Wednesday, December 8, 2010
Suns' second unit not so hot
By John Hollinger
PORTLAND -- Normally, it’s barely newsworthy when an NBA coach says he needs to look at cutting his rotation, particularly after a loss.
But this was Alvin Gentry saying it -- the same Alvin Gentry who used a 10-man rotation all last season while taking his Phoenix team to a surprise conference finals appearance. The Suns’ second unit shredded all comers a season ago, but in Tuesday night’s 106-99 loss to Portland it submitted yet another disappointing effort that had Gentry summoning the starters to return sooner than he ever intended.
“I don’t know if we can play as many guys as we’re playing,” Gentry said. “That’s the bottom line. We have too many perimeter guys that we’re trying to work into the lineup. The numbers don’t work.”
The Suns led 75-69 after three quarters when Goran Dragic replaced Steve Nash to start the fourth. And that’s when the game went off the rails for Phoenix. Two Dragic turnovers yielded a 10-1 Portland run and a tie game; Dragic got the hook after just 2:28 and Steve Nash came back in.
“We gave it all back in four possessions,” Gentry said.
Long-term, this can’t work. Nash played 39 minutes, something he was asked to do just once after January last season and once in 16 playoff games; the goal in Phoenix is to keep him closer to 30. Nash contributed six turnovers to an unusually ragged offensive fourth quarter for the normally hyper-efficient Suns, and it’s fair to wonder if the early return was a contributing factor.
"I hate putting Steve back in the game,'" Gentry said. "It’s not good when Steve has to play the last nine-and-a-half minutes of the game. I need [the starters] playing six minutes to finish the game."
Dragic was supposed to allow that to happen, but he struggled with turnovers (two) once again -- including an unforced travel near midcourt that helped bring on Tuesday's quick hook. Entering the game, only two of the league's 63 qualifying point guards coughed up it more per possession used than Dragic’s 17.9 percent; accordingly, the mile-long rope he was given a year ago can now be measured in angstroms.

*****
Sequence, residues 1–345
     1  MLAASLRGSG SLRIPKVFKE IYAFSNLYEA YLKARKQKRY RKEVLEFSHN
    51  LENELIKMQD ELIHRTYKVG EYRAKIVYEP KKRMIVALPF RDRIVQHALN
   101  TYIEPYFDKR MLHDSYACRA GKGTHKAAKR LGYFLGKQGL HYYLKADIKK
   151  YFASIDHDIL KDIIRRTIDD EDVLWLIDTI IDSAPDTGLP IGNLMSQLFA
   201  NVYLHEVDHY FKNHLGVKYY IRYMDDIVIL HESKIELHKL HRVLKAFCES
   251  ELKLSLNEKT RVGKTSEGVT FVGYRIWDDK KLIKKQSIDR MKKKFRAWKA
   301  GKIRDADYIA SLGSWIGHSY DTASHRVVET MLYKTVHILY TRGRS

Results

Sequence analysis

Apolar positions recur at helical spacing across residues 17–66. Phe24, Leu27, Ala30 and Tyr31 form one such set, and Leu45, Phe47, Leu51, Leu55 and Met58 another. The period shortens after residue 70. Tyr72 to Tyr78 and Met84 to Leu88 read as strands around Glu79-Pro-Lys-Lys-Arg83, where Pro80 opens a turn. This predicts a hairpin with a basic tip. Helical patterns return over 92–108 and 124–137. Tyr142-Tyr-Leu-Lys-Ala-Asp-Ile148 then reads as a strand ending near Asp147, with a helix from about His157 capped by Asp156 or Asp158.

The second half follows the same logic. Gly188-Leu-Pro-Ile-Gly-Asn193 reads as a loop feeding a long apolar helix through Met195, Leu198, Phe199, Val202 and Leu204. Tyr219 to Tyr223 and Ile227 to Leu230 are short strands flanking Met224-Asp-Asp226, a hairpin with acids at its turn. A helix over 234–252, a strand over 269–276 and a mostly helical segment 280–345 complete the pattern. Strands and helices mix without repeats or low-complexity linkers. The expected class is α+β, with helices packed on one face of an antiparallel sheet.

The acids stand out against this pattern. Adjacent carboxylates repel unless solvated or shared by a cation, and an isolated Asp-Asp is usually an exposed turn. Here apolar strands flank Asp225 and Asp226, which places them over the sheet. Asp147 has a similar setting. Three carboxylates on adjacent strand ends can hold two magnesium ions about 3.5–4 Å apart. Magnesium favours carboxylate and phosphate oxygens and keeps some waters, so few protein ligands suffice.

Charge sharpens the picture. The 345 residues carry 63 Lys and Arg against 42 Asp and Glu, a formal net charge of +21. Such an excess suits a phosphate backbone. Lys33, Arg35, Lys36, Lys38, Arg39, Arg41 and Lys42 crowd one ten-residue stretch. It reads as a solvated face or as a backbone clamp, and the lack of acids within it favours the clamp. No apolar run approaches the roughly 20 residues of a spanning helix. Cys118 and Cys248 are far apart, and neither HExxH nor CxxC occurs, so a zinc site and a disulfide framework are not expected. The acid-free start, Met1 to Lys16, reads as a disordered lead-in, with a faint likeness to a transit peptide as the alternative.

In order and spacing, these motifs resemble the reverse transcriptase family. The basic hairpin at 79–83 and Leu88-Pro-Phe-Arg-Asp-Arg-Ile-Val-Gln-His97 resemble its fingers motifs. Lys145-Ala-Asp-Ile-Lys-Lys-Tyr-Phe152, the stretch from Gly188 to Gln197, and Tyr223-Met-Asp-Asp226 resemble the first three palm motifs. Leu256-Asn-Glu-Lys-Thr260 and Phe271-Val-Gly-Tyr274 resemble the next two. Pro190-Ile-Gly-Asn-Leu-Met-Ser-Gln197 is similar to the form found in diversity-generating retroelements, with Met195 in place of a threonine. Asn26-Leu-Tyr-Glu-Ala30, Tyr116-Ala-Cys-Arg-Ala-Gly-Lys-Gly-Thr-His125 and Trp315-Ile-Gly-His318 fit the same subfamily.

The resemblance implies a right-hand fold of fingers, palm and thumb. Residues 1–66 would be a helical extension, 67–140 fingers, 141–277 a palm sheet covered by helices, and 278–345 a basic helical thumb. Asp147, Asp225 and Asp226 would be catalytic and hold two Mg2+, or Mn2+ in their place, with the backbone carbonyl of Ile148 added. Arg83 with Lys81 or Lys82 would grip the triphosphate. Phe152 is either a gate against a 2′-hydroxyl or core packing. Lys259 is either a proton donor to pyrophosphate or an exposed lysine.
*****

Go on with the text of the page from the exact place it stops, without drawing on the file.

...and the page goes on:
"I don’t know if we’re not putting him in the right situations or what," Gentry said, "but we’ve got to get him back where he’s being really effective. We have to take a good hard look at who we have out there with him and is it the right combination."
Dragic said the second unit’s spacing and position on the floor have both been problems, inviting more company on his drives. It’s easy to see how that might be. With former pick-and-roll partner Channing Frye promoted to the starting lineup and non-shooters like Hakim Warrick and Josh Childress joining him off the bench, Dragic is facing packed-in defenses that don’t respect the threat of his teammates' jumpers.
As a result, Gentry is contemplating a new rotation. One strongly suspects Childress will become the odd man out in that arrangement, and that Gentry will lean more heavily on Jared Dudley with a nine-man group.
Suns fans can take solace in the glass-half-full perspective that this game was, at least in part, a loss to the law of averages. Phoenix led the league in free throw "defense" entering the game, with opponents making just 71.7 percent of their tries, but Portland converted an astounding 32-of-33 from the stripe. A more typical performance would have had us heading to overtime.
Of course, that would have just been five more minutes of wear and tear on Nash, Grant Hill and the Suns’ other veteran starters. Until the Suns can get more reliable production from a hit-and-miss second unit, they may be better off settling things in the first 48 minutes.